Thanks, guys. I think all of my questions have been answered. Steve, maybe one housekeeping item. In your prepared remarks, I think you mentioned $90 million to $100 million of maintenance CAPEX this year including the room remodel at Red Rock.

I just wanted to confirm that. And then after that remodel is done, what's the baseline? Is $90 million to $100 million still kind of baseline CAPEX given it doesn't sound like there's any other kind of key projects lingering out there?

Stephen Cootey -- Executive Vice President, Chief Financial Officer, and Treasurer

Yes. I would say $80 million to $100 million. So when you think of, like, it's a little bit of an awkward number because the Red Rock room, the remnant of that spend was probably $7 million to $8 million, kind of extending from 2019 to 2020. So going forward, you're really looking at $80 million to $100 million maintenance.

John DeCree -- Union Gaming -- Analyst

Great. Thanks, guys. Thanks for all the color.

Operator

[Operator instructions] Our next question comes from David Hargreaves with Stifel. Please, go ahead.

David Hargreaves -- Stifel Financial Corp. -- Analyst

I'm wondering if Palace has any customer overlap with the strat. If you're seeing anything from the remodels they've done there. And alternatively, are you sensitive to tavern activity in the area?

Stephen Cootey -- Executive Vice President, Chief Financial Officer, and Treasurer

I mean, we have competitor -- I mean, when you think about Palace and all of Las Vegas, there's a competitor in every corner. So we're very sensitive to what our competitors are doing. We do think the locals' customer moves from place to place. Fortunately, I think we are situated where we have the best assets in the best locations.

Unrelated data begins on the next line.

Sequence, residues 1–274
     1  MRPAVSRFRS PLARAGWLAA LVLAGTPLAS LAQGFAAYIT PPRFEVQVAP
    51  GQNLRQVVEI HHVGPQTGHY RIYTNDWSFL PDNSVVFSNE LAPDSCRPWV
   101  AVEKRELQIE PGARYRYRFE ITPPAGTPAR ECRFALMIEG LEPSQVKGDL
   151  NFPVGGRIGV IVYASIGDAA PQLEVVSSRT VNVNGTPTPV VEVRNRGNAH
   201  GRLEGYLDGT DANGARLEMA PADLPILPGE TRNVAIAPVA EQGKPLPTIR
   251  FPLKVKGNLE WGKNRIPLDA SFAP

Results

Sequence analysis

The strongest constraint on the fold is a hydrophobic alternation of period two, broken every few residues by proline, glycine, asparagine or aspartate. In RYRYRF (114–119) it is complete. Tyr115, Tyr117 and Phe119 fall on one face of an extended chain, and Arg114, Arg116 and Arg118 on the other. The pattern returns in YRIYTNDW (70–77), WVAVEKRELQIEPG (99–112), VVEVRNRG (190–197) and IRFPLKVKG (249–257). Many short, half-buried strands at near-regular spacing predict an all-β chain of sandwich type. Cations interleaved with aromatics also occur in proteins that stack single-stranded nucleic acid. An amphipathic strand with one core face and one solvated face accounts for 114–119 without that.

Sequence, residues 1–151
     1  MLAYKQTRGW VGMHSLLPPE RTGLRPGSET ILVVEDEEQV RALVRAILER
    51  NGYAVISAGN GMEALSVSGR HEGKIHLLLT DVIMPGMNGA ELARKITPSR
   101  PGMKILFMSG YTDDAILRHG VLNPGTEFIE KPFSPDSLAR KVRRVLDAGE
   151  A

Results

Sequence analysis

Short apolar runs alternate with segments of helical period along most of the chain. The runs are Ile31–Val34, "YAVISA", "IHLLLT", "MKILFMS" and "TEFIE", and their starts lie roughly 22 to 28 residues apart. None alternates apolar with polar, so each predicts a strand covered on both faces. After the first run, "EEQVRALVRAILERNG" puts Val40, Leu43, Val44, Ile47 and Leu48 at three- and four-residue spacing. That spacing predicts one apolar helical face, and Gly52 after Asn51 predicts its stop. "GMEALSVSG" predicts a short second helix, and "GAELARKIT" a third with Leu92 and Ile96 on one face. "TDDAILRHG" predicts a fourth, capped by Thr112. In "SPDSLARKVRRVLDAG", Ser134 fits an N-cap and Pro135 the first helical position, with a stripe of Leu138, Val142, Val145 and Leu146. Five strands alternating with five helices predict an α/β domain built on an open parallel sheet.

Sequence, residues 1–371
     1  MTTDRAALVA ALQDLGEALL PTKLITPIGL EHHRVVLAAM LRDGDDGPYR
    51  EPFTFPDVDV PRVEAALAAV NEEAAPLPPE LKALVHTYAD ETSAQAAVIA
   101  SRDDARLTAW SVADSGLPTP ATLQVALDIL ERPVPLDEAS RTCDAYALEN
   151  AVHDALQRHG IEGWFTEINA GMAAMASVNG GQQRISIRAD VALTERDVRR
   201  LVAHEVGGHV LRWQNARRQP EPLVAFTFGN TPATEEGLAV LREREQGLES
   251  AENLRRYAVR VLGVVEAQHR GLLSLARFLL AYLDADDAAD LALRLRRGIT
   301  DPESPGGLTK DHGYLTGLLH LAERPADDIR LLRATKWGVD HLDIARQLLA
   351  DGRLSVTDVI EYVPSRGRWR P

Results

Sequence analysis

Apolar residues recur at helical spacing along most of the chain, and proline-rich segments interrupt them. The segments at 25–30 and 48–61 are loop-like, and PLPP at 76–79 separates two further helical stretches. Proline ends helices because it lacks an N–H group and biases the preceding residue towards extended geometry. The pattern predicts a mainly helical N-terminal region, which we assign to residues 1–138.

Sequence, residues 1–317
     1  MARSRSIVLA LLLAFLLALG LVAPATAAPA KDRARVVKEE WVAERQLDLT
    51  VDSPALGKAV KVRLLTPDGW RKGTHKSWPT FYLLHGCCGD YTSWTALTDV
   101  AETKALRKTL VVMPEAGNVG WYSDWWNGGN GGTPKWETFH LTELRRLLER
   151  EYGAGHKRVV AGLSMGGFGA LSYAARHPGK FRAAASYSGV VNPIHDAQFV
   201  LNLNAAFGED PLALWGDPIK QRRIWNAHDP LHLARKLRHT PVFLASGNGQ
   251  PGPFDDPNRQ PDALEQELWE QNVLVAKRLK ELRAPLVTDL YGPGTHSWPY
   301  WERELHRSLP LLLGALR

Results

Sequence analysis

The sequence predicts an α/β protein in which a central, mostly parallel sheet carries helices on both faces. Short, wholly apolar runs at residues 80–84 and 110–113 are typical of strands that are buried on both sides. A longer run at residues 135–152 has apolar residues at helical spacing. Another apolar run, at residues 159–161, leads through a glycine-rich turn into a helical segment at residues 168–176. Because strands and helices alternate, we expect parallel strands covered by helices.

And 90% of the population is located within five miles of one of our places, and location is everything.

David Hargreaves -- Stifel Financial Corp. -- Analyst

Great assets. I'm just wondering, do you think you overlap with strat at all?

Frank Fertitta -- Chairman and Chief Executive Officer

Sure. We overlap with a lot of properties. I would think it is very insignificant.

David Hargreaves -- Stifel Financial Corp. -- Analyst

Fair enough. And could you tell us where your restricted payment capacity is currently?

Stephen Cootey -- Executive Vice President, Chief Financial Officer, and Treasurer

Restricted payment capacity is about $275 million baseline. That does not include -- there's a carve-out for a $50 million annual dividend. That's the new credit facility.

David Hargreaves -- Stifel Financial Corp. -- Analyst

Excellent. Thank you so much.

Operator

This concludes our question-and-answer session. I would like to turn the conference back over to Stephen Cootey for any closing remarks.

Stephen Cootey -- Executive Vice President, Chief Financial Officer, and Treasurer

Thanks everyone for joining the call, and we look forward to talking to you in about 90 days. Thank you.

Operator

[Operator signoff]

Duration: 35 minutes

Call participants:

Stephen Cootey -- Executive Vice President, Chief Financial Officer, and Treasurer

Carlo Santarelli -- Deutsche Bank -- Analyst

Frank Fertitta -- Chairman and Chief Executive Officer

Rich Haskins -- President

Joseph Greff -- J.P. Morgan -- Analyst

Bob Finch -- Executive Vice President and Chief Operating Officer

Barry Jonas -- SunTrust Robinson Humphrey -- Analyst

Stephen Grambling -- Goldman Sachs -- Analyst

Shaun Kelley -- Bank of America Merrill Lynch -- Analyst

Harry Curtis -- Nomura Instinet -- Analyst

Jared Shojaian -- Wolfe Research -- Analyst

John DeCree -- Union Gaming -- Analyst

David Hargreaves -- Stifel Financial Corp. -- Analyst